Yesterday I enjoyed a conversation with a cousin of mine. This cousin made a point which provides an example for my Wealth in Institutions thesis.
My cousin has a business as a licensed professional structural engineer. He told how most of his work comes from architects with whom he has worked before. He has learned how to work with these architects, and they with him. When one of these architects gets new work, or the prospect of new work, the architect can communicate with my cousin by using only a few words because they know each other's expectations. This efficiency of communication between trading partners did not grow overnight. It has taken over 15 years to develop.
My cousin spoke about the value of a business such as his, that is the price if such a business were to be sold to a buyer. The value comes almost entirely from the established pattern of trade, from the flow of calls from architects who need help with engineering and who expect to be satisfied with the help they get from this business. Other assets of the business, such as furniture and computers, have little value in comparison with the value of established trade.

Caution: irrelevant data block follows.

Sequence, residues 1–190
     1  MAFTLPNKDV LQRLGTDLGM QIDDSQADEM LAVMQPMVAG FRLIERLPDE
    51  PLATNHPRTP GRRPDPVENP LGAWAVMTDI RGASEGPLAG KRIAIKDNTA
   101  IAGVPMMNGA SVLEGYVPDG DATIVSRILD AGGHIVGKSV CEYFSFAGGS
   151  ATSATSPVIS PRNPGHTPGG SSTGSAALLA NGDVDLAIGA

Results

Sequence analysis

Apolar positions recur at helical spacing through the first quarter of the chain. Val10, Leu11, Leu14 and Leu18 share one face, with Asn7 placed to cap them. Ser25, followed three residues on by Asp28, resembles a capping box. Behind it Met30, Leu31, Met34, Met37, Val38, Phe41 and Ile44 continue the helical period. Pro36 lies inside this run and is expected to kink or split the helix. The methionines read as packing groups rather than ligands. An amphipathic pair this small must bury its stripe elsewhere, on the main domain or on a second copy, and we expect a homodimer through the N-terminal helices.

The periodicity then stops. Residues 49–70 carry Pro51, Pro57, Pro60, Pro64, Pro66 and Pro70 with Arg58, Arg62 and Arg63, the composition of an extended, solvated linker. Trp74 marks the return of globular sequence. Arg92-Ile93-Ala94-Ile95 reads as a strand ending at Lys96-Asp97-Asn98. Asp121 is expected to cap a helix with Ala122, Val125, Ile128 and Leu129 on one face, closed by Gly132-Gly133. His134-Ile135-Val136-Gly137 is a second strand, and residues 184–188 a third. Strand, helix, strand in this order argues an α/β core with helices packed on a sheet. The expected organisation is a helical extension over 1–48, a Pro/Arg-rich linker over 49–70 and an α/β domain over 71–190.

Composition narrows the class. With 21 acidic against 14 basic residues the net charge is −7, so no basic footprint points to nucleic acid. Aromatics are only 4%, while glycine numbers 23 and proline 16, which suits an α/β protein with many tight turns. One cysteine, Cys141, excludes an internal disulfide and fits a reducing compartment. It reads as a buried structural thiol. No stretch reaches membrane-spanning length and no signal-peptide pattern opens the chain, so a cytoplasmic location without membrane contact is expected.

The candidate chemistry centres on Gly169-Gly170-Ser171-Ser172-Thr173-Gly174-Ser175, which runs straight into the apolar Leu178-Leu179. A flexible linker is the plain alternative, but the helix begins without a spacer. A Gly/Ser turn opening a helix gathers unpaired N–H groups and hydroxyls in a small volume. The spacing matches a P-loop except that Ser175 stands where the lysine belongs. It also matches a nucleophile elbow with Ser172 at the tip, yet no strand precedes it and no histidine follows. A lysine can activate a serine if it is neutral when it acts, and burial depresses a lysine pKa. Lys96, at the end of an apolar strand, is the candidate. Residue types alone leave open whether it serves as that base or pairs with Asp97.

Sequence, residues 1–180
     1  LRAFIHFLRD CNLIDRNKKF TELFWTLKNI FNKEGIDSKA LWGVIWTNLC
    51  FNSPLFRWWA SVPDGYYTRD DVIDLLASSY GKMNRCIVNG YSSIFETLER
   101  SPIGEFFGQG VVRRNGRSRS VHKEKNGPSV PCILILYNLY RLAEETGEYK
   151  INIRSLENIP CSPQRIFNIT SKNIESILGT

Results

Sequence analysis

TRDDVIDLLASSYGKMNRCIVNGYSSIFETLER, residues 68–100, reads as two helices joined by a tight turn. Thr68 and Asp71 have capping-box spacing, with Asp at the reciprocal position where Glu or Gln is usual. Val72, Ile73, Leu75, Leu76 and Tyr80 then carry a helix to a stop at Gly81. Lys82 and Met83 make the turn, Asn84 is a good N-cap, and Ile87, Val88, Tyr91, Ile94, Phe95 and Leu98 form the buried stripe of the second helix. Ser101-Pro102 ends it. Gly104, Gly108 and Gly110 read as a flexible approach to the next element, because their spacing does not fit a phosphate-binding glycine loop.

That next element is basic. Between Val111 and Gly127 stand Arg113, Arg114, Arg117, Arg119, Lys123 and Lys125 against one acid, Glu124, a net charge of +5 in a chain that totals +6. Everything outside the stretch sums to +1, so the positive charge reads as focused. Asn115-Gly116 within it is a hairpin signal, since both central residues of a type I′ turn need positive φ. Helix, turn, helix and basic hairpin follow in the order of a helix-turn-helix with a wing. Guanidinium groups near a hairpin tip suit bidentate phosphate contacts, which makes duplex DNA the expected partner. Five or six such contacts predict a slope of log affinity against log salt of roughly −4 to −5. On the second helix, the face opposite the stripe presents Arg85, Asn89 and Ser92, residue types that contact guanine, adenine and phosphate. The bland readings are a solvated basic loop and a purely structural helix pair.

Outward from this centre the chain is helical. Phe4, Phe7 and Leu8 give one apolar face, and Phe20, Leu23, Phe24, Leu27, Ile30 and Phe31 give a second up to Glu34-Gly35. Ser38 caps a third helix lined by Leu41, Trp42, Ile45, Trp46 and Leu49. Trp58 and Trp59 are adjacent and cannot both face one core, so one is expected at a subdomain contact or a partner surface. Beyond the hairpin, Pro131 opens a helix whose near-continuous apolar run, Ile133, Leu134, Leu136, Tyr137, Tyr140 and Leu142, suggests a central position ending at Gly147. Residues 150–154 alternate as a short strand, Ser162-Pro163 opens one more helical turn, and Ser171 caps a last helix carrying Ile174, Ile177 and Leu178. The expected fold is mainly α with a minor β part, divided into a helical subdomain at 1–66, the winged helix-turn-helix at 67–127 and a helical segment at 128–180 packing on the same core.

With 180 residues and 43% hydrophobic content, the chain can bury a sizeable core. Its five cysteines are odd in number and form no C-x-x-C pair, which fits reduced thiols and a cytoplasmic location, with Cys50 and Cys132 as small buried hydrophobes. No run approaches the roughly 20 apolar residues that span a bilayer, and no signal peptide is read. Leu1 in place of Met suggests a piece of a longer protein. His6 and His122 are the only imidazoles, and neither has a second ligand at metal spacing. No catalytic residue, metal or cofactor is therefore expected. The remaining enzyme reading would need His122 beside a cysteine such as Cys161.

So this provides an example of wealth in institutions. The wealth is expressed in the value or price of such a business. The institutions are the established expectations of trading partners. Most of this wealth is not visible to the untrained eye; it is not tangible. This wealth exists only in the expectations in the minds of some architects.
When I took the accounting classes required of an MBA student, I learned to think of this kind of wealth as Goodwill. The balance sheet of a company may show that most of the value of the company exists in this intangible category. The point I am trying to make with this Wealth in Institutions (WI) thesis is that most of the wealth in a modern capitalist society also exists in such an intangible category, in institutions, that is in expectations – and not in physical assets.
On my to-do list, I want to review double-entry bookkeeping to think about the steps leading up to an entry of goodwill. I hope such study may offer insight which connects our established ways of thinking with the WI thesis.